Tuesday, 6 May 2014

A poem by Dick Jones


On Cashel Hill

“And you tell me that he vanished,
out on the hillside. Nothing found,
no body, not a trace of where he’d been
or where he’d gone?”

She topped the Guinness, placed it
like a sacrament upon the bar.
We studied it.  “Oh no”, she whispered.
“Disappeared completely.  But…”

(she grinned and moved away),
“they’ve seen him late at night
still looking for his sheep, O’Faherty.
Just a shadow by the burial ground,

whistling up his flock”.  They laughed
and tipped their pints. I laughed
and raised mine too.  Through the door
of Boulger’s Bar the day was

Connemara silver-grey.  Peat fires
burning in July – the tint of them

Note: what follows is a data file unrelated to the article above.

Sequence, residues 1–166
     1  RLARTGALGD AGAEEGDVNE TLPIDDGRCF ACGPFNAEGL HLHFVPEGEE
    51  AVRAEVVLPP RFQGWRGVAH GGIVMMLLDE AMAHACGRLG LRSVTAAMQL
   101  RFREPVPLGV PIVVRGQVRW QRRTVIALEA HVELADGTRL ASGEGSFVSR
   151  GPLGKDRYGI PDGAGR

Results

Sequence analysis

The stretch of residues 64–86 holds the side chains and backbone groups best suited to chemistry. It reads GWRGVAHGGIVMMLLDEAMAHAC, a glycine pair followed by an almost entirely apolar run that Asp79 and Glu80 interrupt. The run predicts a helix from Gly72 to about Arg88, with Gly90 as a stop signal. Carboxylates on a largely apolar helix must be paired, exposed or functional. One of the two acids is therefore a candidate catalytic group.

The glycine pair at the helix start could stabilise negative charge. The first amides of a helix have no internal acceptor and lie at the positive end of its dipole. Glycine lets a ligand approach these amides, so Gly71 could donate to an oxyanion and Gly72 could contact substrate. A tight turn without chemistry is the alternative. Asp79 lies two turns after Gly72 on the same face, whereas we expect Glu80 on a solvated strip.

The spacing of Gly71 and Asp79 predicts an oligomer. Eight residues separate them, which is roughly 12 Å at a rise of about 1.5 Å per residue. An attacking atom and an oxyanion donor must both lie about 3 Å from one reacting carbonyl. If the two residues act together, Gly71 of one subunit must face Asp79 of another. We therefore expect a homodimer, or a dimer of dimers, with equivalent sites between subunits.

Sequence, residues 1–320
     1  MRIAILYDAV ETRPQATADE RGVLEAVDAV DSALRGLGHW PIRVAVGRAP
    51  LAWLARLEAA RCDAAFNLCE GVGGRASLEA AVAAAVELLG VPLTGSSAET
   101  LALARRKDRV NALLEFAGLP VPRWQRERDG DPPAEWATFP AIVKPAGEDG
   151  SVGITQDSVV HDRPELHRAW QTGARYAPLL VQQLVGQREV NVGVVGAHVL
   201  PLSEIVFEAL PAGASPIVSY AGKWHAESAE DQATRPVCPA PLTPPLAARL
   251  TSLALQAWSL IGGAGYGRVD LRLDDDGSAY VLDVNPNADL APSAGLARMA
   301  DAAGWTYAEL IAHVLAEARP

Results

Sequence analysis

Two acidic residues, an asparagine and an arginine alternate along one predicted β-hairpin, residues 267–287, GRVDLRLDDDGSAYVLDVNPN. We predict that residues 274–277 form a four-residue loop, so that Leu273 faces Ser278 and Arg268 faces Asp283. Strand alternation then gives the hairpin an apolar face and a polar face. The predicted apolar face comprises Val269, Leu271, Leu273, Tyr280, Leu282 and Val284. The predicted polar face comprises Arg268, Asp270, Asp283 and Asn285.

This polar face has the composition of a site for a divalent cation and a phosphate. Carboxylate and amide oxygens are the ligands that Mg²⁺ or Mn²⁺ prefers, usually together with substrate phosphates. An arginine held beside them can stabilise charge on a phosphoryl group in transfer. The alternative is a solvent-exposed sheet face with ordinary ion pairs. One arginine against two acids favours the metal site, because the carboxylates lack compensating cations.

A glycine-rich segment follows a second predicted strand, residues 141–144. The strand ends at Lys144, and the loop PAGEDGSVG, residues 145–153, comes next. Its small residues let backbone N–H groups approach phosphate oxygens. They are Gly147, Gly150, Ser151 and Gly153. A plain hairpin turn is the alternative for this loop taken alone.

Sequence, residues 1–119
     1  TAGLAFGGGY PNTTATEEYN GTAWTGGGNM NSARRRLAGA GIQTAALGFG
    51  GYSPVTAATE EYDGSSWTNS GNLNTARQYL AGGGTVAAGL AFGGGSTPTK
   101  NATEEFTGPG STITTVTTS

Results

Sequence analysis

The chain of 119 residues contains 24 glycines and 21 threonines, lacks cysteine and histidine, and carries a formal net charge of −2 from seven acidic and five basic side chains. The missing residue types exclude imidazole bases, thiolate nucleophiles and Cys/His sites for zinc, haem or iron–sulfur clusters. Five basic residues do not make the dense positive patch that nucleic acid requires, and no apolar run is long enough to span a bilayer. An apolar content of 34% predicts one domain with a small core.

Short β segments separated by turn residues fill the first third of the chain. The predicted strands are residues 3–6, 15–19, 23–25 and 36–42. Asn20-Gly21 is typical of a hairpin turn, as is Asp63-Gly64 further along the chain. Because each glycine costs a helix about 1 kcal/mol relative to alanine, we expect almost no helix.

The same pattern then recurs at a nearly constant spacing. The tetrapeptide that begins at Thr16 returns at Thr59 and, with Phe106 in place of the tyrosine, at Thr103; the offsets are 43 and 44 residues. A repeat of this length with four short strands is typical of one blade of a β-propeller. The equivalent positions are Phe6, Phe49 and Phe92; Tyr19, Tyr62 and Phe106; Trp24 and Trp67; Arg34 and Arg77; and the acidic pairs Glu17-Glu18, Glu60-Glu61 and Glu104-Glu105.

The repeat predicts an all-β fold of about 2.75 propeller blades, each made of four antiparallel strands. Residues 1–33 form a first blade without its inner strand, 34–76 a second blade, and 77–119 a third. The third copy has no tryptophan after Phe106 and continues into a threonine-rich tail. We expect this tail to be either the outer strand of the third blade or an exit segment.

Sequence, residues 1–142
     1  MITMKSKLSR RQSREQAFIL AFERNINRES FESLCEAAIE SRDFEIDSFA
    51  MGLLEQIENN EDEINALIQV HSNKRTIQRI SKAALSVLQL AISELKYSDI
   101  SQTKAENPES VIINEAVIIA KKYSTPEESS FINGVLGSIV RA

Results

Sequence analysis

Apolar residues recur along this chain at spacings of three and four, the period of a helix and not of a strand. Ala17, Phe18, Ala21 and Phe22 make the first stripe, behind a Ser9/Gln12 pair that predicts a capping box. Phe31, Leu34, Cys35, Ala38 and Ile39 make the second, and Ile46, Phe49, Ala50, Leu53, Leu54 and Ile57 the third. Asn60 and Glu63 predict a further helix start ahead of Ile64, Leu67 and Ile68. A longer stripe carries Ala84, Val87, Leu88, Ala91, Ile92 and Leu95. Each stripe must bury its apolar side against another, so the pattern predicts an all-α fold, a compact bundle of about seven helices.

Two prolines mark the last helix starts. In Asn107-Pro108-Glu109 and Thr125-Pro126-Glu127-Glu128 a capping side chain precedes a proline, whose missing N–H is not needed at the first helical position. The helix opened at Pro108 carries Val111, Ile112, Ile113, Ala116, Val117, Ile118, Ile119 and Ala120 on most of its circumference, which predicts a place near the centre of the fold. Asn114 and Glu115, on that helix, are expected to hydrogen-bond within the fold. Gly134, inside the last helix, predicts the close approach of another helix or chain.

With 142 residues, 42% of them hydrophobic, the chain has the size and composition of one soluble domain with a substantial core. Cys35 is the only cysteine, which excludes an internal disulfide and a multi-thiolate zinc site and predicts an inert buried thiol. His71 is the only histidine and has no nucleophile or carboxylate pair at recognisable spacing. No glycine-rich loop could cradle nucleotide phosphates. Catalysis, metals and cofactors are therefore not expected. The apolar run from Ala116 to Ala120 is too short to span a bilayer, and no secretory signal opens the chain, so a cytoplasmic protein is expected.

on the edge of a salt breeze
in from Cashel Bay.

Later, high up Cashel Hill
the fog came down like wet wool.
Blinded, I perched on rock,
only my breathing shifting

the warp and weft of it. Close-knit
into that fleece of wraiths and phantoms,
robbed of a milky distance of bays
and mountains, I could speculate

the ghost of O’Faherty, white
on white, footsure, eternal, stepping
across the tussocks like a dancer.
I rose and followed him down,

a twisting fume inside smoke,
and stepped back into watery sunlight
amongst the gravestones
in the burial ground.